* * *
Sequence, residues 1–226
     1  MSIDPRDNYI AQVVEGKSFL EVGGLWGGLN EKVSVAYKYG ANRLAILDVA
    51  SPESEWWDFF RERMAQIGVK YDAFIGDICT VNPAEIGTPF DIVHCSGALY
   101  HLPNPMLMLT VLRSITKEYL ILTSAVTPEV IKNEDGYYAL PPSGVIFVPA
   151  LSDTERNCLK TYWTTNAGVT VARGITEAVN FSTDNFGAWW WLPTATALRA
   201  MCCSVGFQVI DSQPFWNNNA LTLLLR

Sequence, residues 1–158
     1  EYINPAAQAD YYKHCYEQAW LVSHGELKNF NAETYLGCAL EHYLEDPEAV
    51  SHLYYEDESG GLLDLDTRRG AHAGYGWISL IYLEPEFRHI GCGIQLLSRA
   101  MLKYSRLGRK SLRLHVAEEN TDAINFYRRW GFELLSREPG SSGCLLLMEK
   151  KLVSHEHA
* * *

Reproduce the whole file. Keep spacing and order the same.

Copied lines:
Sequence, residues 1–226
     1  MSIDPRDNYI AQVVEGKSFL EVGGLWGGLN EKVSVAYKYG ANRLAILDVA
    51  SPESEWWDFF RERMAQIGVK YDAFIGDICT VNPAEIGTPF DIVHCSGALY
   101  HLPNPMLMLT VLRSITKEYL ILTSAVTPEV IKNEDGYYAL PPSGVIFVPA
   151  LSDTERNCLK TYWTTNAGVT VARGITEAVN FSTDNFGAWW WLPTATALRA
   201  MCCSVGFQVI DSQPFWNNNA LTLLLR

Sequence, residues 1–158
     1  EYINPAAQAD YYKHCYEQAW LVSHGELKNF NAETYLGCAL EHYLEDPEAV
    51  SHLYYEDESG GLLDLDTRRG AHAGYGWISL IYLEPEFRHI GCGIQLLSRA
   101  MLKYSRLGRK SLRLHVAEEN TDAINFYRRW GFELLSREPG SSGCLLLMEK
   151  KLVSHEHA